Small-Scale GTL Technologies on the Brink of Commercialization
Feb 23, 2015
Much of the world’s natural gas is classified as “stranded,” meaning it is located in a remote area, far from existing pipeline infrastructure. The volumes often are too small to make constructing a large-scale Gas-to-Liquids (GTL) or Liquefied Natural Gas (LNG) plant cost-effective. As a result, the gas is typically re-injected into the reservoir, left in the ground, or flared, which is harmful to the environment. However, the availability of this low cost, stranded gas has incentivized companies to develop innovative technologies that can economically and efficiently utilize this gas. Velocys, CompactGTL, and Greyrock Energy, for example, have designed modularized GTL technologies for monetizing stranded gas and converting it into a transportation fuel, like diesel and jet fuel. This topic recently has attracted a lot of attention since all three companies have announced commercial plants to be completed in the next few years, and a number of other companies are actively developing similar technologies.
Small-scale GTL plants are containerized units comprised of a reformer for synthesis gas production, a Fischer Tropsch (FT) reactor for syncrude production, and, in some cases, an upgrading package, which is used to further refine the FT products into the desired transportable fuel. Tail gas, wax, and water are typical by-products resulting from FT synthesis. In these units, the tail gas is sent either back to the reformer for further processing or used for power generation. In some technologies, both options are utilized. The water, on the other hand, is recycled and re-used in the process while the wax is recycled and entirely converted to lighter products, making the GTL process free of waste.
Since these containerized units already have about 70 percent of their construction complete before reaching the plant site, on-site construction costs are significantly reduced. In cases where capacity needs to be increased, additional units can be easily shipped via truck or ship and connected in parallel to the existing process. Depending on the technology, capacity can range anywhere from 100 barrels per day (bpd) to 15,000 bpd.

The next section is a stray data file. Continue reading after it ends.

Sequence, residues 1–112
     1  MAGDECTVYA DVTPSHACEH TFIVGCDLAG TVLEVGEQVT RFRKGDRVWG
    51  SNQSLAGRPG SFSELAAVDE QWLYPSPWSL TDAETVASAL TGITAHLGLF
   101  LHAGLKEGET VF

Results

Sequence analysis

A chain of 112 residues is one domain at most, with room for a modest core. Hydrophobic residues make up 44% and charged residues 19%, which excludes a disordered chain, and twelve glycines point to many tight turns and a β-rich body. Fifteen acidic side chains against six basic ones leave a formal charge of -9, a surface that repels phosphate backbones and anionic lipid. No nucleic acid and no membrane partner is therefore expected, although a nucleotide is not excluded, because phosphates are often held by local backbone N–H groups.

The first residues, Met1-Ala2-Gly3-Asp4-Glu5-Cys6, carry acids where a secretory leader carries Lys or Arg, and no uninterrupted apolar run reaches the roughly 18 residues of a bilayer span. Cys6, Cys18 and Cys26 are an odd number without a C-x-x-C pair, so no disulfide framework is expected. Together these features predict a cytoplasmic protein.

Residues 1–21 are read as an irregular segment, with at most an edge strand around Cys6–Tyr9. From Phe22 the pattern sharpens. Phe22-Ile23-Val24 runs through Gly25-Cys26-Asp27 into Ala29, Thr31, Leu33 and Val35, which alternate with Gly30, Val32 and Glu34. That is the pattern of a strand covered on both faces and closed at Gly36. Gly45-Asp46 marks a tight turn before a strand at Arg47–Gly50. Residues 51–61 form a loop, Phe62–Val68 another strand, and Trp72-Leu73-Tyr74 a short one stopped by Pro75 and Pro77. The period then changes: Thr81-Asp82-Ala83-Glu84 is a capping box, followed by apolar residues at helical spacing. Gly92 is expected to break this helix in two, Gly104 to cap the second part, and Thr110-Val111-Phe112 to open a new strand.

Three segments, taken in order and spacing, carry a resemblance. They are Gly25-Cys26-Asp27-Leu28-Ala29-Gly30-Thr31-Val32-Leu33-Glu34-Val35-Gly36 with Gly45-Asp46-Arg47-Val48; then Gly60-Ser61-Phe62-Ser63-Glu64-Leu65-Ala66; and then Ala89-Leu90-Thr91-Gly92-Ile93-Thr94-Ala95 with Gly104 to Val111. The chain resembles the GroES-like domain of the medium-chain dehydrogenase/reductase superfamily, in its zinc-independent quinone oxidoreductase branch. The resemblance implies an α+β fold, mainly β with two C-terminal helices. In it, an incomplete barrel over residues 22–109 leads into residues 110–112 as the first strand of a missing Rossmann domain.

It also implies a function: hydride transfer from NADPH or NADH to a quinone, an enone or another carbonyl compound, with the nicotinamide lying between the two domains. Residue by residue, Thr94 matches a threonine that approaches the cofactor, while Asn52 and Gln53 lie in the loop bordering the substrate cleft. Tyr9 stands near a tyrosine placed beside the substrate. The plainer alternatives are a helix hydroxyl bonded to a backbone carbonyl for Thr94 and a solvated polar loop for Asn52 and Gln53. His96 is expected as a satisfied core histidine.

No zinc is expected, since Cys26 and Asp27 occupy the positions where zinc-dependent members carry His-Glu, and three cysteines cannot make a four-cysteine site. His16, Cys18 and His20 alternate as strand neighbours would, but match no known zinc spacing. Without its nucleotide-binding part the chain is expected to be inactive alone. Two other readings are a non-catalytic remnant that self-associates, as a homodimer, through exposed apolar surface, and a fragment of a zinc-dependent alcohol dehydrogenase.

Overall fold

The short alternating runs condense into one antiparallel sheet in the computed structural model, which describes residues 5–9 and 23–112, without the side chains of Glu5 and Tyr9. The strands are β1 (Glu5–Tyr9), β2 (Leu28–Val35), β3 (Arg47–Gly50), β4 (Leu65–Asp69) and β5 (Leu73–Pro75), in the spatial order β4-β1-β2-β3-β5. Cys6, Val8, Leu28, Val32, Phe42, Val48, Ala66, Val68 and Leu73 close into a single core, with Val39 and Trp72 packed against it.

Capital costs for these projects range from about US$100,000 bpd to US$120,000 bpd for plants with capacities anywhere from 2,500 to 2,800 bpd. This cost may vary depending on the capacity and location of the plant.
Velocys has built demonstration plants in different regions of the world including Austria, Australia, and Brazil. The company has announced three commercial projects―a 1,000 bpd plant with Calmuet Specialty Products in Pennsylvania, a 2,800 bpd plant in Ashtabula, Ohio, and a plant in Oklahoma which is currently under construction. CompactGTL has a demonstration plant in Brazil and announced a commercial GTL project in Kazakhstan. It is important to note that Velocys and Compact GTL do not produce finished products. Their diesel requires blending with petroleum derived diesel in order to be used as transportation fuel.
Greyrock Energy, on the other hand, has developed a direct-to-diesel GTL technology which does not require blending after FT synthesis. Greyrock Energy’s process has been proven at its demonstration plant in Ohio. Additionally, the company recently announced plans to construct a commercial GTL plant in Houston, Texas.
Overall, these technologies are attractive as they allow gas producers to unlock resources which would have otherwise been wasted and turn them into viable products. However, because these technologies have not been commercially proven yet, their technical risks are considered to be high. Also, these plants will be exposed to considerable commercial risk since their profitability will primarily be influenced by the pricing for their products, which will be linked to uncertain international oil prices. Have you assessed these risks to determine if the time has come to implement these technologies on a commercial scale?